Weak jewellery demand, but Asia’s importance to the gold market continues to grow
- Responding to a question by SBMA CEO Albert Cheng, Mr Kavalis said that gold is going to new markets via new routes, so refineries outside Switzerland are building up their capacity. However, as long the domination of the loco London market continues, the proximity of Swiss refineries to London and the infrastructure there will make it hard to other hubs, such as Dubai, to emerge as a replacement, Mr Kavalis said.
- Gold recycling reversed its trend to reach a 4-year high in 2016, but even in Asia, there were winners and losers: China (+37%) had the biggest total increase, while it grew 172% in Indonesia, driven by prices that reached all-time high, and a tax amnesty. In Thailand, it grew by 91%, driven by high prices and an upcoming payments system, but Japan saw a 28% decline, which Mr Kavalis explained was due to the strong yen, giving refiners less incentive to scrap existing material.
- Mr Kavalis said demand for jewellery in 2016 was a lot worse than the year before because of a slowdown in Indian and Chinese demand, brought about by a slowdown in the economy and real incomes not rising, as well as changing consumer preferences. He called this a “seminal moment for the gold market last year”. Mr Kavalis said the fact that overall demand increased was “a testament to the strength of Western physical investment”.
Macro backdrop for gold
- In general, inventory is shifting from Western institutional investors to markets including India and Southeast Asia, and from London vaults to the hands, pockets of Asian investors.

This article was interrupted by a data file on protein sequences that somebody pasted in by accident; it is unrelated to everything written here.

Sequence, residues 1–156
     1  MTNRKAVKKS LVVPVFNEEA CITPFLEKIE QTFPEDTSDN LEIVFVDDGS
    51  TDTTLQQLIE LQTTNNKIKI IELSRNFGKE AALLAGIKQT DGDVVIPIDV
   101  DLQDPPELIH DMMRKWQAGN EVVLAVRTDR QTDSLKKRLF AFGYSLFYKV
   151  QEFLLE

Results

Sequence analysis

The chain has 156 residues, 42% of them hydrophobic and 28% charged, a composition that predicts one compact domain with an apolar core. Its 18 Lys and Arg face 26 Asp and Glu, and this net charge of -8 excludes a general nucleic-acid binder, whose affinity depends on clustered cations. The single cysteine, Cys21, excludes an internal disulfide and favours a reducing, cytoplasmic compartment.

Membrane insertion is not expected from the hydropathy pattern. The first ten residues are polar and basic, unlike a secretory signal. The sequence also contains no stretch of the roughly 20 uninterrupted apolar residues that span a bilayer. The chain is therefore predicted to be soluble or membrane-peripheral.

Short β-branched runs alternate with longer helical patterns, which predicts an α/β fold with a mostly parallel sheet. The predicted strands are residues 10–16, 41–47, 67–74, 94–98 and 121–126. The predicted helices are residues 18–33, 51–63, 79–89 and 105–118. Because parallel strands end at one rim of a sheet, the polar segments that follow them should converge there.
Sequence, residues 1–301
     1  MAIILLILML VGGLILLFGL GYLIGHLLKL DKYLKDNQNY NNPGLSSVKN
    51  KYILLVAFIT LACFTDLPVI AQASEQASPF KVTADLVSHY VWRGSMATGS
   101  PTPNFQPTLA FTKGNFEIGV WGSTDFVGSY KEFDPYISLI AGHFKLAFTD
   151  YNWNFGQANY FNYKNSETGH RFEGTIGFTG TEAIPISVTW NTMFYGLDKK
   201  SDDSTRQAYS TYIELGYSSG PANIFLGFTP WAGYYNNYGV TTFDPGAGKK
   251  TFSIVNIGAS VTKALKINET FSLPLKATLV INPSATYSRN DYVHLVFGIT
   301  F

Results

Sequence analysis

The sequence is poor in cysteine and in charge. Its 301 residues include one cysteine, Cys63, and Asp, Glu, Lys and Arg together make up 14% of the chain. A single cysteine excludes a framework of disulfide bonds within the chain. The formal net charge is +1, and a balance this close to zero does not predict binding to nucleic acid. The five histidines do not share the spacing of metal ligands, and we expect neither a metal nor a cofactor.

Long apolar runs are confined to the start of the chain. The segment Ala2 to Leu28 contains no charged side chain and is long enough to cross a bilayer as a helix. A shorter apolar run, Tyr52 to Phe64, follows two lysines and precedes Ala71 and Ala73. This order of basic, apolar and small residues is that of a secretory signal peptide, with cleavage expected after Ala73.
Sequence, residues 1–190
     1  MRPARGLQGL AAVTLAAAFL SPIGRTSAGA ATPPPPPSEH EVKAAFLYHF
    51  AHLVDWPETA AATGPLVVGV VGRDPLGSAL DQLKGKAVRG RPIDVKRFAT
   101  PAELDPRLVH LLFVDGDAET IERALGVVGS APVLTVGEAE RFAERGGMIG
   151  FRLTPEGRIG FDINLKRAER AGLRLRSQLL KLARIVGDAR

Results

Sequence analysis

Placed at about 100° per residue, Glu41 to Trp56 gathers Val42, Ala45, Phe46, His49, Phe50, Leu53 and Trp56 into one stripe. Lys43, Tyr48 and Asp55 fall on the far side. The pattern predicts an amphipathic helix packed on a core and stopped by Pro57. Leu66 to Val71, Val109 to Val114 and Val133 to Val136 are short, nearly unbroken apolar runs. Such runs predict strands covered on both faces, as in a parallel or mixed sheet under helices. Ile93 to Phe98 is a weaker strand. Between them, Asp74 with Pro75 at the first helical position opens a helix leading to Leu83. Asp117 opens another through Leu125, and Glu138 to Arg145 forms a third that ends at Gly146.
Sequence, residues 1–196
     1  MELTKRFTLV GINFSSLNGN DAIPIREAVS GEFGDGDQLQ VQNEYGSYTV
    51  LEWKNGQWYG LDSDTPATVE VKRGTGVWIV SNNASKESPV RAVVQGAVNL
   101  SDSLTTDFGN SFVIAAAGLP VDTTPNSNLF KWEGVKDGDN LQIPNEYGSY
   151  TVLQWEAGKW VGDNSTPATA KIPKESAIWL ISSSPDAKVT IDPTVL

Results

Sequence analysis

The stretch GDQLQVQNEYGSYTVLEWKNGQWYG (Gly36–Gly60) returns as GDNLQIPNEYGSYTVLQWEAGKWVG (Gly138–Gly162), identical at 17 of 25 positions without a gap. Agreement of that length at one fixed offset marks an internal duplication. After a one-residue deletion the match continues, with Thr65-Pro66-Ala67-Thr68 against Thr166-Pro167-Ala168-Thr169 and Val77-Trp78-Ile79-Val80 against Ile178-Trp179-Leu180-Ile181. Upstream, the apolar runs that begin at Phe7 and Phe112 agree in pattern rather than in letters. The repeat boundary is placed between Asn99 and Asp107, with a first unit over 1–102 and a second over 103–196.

- Mr Kavalis said he is moderately bullish for 2017 because most of the factors that helped gold in 2016 are unlikely to go anywhere. Negative interest rates (both nominal and in real terms) continue to be a problem for many countries.
- The US economy is unlikely to accelerate rapidly with the policies proposed the new presidential administration, and there are serious risks of an equity market correction. Chances are the market will disappoint if there is no acceleration in US economic growth. The dissolution of the EU is a long-tail risk and cannot be ignored, and despite a positive result from the Dutch lection, there is still the French presidential election in May.
- Mr Kavalis said that the US Federal Reserve Bank is expected to raise interest rates in July and December, and there should be temporary price corrections before the rate hikes.
- Supply is expected to decline, and the physical market is weak/poor. Demand is expected to increase, but most important factor, jewellery demand, is weak, which limits the upside for gold buyers.
- The Monetary Authority of Singapore (MAS) will soon regulate buy-back arrangements for precious metals as they are in effect debt-financing arrangements. MAS is proposing to use existing legislation under the SFA and FAA for such arrangements, which includes disclosure requirements and licensing of intermediaries.
- Operators of P2P lending platforms will have to hold a CMS license.
- In line with a global move towards Automatic Exchange of Information (AEOI), Singapore will implement AEOI according to the internationally agreed common reporting standard by September 2018. Its prerequisites are: a level playing field, reciprocity (bilateral approach with jurisdictions Singapore has signed competent authority agreements CAAs with), and exchange with countries that have a strong rule of law.